Director: Adam Robitel
Cast: Lin Shaye, Leigh Whannell, Angus Sampson
Thanks to my teenage kids, I’ve become a fan of schlocky American horror films – the ones with families in large suburban homes battling demons and spirits. All these homes have attics and basements and nothing good ever happens there. The best give you a few good jump scares – they are the movie equivalent of a haunted house at a carnival – good for screams and laughs.
So I walked into Insidious: The Last Key with great expectations. The producer James Wan is something of a legend in the genre – he is chief architect on not just the Insidious series but also the Conjuring series, the Saw series, the Annabelle series and somehow he even managed to direct Furious 7. Sadly, this edition of Insidious is a lame footnote on Wan’s expansive resume. This film is too silly to be scary.
Insidious: The Last Key is the fourth film in the series. It’s a sequel to the prequel of Insidious: Chapter 3 and a prequel to the original Insidious. The formidable Lin Shaye is back as Elise the demonologist. This film isn’t about her helping other haunted families. It’s about her own childhood and the demons that came to haunt her family.
We begin on the outskirts of a prison in Five Keys, New Mexico in 1953, where Elise lives with her parents and little brother. Her mother is loving and supportive but her father is flat-out crazy. He beats her every time she speaks about ghosts, of which there are plenty floating around. Which made me wonder why Elise just doesn’t stop talking about ghosts so that her father stops beating her but you don’t ask logical questions in films like these. The story then jumps to 2010 when an adult Elise is called back to her childhood home to literally and figuratively face her demons.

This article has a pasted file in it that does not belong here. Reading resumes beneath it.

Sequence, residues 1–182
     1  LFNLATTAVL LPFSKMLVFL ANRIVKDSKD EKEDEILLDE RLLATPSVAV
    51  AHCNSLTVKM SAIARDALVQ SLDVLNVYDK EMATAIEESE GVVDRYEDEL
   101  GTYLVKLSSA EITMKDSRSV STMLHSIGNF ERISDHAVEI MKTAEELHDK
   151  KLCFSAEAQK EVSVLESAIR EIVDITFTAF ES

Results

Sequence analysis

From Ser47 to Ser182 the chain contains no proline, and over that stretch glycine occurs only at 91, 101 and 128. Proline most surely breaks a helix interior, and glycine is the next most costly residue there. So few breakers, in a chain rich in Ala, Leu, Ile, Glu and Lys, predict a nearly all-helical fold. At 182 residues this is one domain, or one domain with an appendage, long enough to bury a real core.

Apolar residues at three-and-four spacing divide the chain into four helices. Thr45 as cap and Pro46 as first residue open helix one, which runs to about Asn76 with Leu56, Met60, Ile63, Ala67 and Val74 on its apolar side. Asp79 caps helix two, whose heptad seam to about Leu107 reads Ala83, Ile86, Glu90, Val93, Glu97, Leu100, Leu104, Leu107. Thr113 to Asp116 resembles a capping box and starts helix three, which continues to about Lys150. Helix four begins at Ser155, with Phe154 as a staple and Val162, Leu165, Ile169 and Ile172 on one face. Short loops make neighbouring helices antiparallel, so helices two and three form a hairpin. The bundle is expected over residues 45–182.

Director Adam Robitel creates a few genuine scares – there is a truly frightening scene in which Elise is opening trunks in a confined space – each trunk unveils a new horror. The idea of a demon with keys for fingernails is also pretty cool. But mostly the scares are predictable and the story is limp. There is one twist that I didn’t see coming but the rest of it is all creaking doors, blood-dripping spirits and smoke-filled corridors. There isn’t much here that you haven’t seen before.
Shaye brings depth to the enterprise and I like that a horror franchise can be fronted by an elderly woman but Insidious: The Last Key feels like a car running on empty.